U.S. State Department service officer Mark Lenzi recently filed a lawsuit against the agency alleging retaliation and disability discrimination. Lenzi experienced a series of symptoms associated with the mysterious “Havana Syndrome” following a trip to China.

In a complaint filed Wednesday in the U.S. District Court for the Eastern District of Virginia, Lenzi aimed at the State Department and Secretary of State Antony Blinken, the Washington Post reported.

In a complaint filed Wednesday in the U.S. District Court for the Eastern District of Virginia, Lenzi accused the State Department of initially downplaying the health risks of Havana syndrome. He said a doctor affiliated with the agency refused to diagnose him with the condition.

Lenzi alleged that the State Department had subjected him to retaliation and discrimination simply for exercising his First Amendment rights to speak freely about his disability and how the department has treated him, causing him emotional distress and lost wages.

Accordingly, Lenzi seeks compensation for past and future loss of wages and benefits, including front and back pay with interest; plus six additional years of retirement credit at the State Department; reinstatement to a position comparable to his previous positions; legal fees; and “financial compensation for emotional distress, pain and suffering,” among other legal actions.

According to his complaint filed on Dec. 8, Lenzi and his family, around November 2017, began experiencing “sudden and unexplained physical and psychological symptoms, including headaches, insomnia, dizziness, nosebleeds, and memory loss,” while they were based at the U.S. Consulate in Guangzhou, China.

A few months later, in June 2018, Lenzi, his wife, and two children were administered the relevant brain injury tests, which led to all four being transferred to the University of Pennsylvania’s Brain Injury Repair Center. Lenzi began receiving treatment at the center.

As reported in the complaint, Lenzi was reassigned to a national position in December 2018. Since then, he has been denied overseas postings and has not been promoted.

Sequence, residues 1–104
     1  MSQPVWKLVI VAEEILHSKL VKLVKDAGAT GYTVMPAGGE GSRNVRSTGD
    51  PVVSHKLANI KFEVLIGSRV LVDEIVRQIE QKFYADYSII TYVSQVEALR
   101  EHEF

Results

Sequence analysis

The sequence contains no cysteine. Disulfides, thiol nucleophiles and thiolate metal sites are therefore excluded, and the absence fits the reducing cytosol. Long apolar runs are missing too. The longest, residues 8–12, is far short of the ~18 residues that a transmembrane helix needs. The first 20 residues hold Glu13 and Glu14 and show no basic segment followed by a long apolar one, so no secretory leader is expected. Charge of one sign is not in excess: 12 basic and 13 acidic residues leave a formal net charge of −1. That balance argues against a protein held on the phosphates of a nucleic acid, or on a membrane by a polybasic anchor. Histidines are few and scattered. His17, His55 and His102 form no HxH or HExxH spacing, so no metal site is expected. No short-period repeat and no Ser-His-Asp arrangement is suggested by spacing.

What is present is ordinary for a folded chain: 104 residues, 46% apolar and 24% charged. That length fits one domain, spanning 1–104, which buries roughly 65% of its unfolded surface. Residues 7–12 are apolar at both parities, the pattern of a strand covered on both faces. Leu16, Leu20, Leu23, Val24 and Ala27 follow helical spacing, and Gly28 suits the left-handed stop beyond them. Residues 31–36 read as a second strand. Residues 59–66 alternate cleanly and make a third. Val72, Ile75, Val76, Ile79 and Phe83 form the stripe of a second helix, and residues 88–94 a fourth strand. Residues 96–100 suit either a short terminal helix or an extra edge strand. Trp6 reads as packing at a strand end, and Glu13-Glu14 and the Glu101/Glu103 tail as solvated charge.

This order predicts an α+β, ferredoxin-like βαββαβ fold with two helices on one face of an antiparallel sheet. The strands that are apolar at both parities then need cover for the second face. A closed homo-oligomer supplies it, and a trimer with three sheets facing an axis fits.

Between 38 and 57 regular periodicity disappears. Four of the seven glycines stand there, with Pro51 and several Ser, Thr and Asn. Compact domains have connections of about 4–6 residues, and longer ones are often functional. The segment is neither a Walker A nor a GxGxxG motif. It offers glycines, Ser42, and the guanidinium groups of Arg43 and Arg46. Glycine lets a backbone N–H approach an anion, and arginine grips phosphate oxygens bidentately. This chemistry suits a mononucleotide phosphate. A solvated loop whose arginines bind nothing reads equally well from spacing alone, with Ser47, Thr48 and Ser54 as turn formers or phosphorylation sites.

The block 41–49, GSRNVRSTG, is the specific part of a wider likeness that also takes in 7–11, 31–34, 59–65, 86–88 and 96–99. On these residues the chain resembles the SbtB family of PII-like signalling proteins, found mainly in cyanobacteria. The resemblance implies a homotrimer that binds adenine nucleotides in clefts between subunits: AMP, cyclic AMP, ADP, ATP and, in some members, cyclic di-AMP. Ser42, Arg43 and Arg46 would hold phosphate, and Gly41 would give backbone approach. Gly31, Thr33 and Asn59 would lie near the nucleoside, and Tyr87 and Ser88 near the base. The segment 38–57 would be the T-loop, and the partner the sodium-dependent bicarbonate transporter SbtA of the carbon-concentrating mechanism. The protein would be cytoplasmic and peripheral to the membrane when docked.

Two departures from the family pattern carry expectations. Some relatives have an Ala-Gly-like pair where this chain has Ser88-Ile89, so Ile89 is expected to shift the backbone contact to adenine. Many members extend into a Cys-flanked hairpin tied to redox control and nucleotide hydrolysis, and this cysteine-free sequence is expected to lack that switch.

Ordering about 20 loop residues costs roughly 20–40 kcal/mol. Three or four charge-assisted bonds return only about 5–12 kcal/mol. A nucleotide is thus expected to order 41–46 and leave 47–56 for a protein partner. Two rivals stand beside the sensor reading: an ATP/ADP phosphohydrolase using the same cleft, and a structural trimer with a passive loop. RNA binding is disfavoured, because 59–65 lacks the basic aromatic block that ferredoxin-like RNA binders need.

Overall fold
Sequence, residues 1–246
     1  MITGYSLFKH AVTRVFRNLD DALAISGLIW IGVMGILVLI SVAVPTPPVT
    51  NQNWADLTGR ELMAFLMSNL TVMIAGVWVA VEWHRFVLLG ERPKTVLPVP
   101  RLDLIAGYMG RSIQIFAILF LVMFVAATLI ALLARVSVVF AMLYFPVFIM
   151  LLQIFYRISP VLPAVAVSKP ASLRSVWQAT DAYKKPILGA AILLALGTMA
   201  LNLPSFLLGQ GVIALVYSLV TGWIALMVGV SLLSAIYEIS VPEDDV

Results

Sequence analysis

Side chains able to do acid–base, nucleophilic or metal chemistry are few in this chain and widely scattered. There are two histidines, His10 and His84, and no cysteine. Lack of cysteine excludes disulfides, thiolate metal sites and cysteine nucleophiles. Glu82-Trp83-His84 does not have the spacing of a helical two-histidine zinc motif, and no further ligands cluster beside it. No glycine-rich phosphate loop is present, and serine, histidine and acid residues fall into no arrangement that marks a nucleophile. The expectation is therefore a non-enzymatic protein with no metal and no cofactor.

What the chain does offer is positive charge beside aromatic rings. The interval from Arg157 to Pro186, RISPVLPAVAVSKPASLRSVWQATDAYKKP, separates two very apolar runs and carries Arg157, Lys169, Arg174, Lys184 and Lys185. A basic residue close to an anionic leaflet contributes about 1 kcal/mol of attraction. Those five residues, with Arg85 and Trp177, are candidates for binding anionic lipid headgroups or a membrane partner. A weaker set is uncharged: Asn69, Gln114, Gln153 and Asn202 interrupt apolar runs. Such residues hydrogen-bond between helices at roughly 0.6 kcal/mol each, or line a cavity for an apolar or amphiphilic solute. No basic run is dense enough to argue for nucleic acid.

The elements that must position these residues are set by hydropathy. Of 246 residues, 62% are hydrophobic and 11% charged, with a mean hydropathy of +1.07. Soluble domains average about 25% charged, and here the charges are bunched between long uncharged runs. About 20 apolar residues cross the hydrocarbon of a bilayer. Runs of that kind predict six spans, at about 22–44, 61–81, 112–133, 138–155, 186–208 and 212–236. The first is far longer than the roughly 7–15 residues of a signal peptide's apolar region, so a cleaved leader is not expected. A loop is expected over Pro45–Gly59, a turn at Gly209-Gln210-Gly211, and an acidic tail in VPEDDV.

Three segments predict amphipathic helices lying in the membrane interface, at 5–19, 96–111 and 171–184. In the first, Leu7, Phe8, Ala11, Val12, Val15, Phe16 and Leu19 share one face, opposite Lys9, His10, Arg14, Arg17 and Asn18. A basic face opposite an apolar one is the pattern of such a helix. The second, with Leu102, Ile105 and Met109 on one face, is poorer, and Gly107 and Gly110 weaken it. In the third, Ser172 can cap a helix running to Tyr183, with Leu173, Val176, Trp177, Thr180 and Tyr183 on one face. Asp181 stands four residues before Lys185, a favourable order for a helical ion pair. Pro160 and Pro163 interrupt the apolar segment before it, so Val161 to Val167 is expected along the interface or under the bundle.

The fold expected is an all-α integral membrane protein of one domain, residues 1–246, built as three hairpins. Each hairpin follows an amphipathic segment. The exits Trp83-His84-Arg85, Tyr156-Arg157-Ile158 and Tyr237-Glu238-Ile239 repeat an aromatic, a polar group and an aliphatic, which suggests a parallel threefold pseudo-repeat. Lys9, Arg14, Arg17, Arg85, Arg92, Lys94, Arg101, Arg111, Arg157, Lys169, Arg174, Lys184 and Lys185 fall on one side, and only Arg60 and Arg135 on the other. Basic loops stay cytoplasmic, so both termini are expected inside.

The complaint also details that Lenzi sent an email in May 2018 to fellow U.S. diplomats, warning them of the potential danger to their health and safety from this mysterious syndrome. As a result, the DSS ordered Lenzi to undergo a psychiatric evaluation. 

The psychiatric evaluation he was ordered to undergo “constituted a crude and cruel act of retaliation against Mr. Lenzi for discussing his injuries and concern for his own health and that of his colleagues,” the complaint states.

Havana syndrome is a series of mysterious neurologically rooted symptoms first reported by U.S. authorities in Cuba in 2016. Symptoms include nausea, severe headaches, fatigue, dizziness, sleep problems, and hearing loss.

Some theories indicate that the syndrome is triggered by an ultrasound weapon, but nothing has been proven so far. 

The case is exceptionally complex and challenging to investigate, considering that the devices used to attack could be small and portable. In addition, the symptoms may appear similar to those of many other diseases.

Scientists and officials are unclear or have not communicated, who might be behind any of these attacks, and whether the incidents are actually targeted attacks or are inadvertently caused by surveillance equipment.

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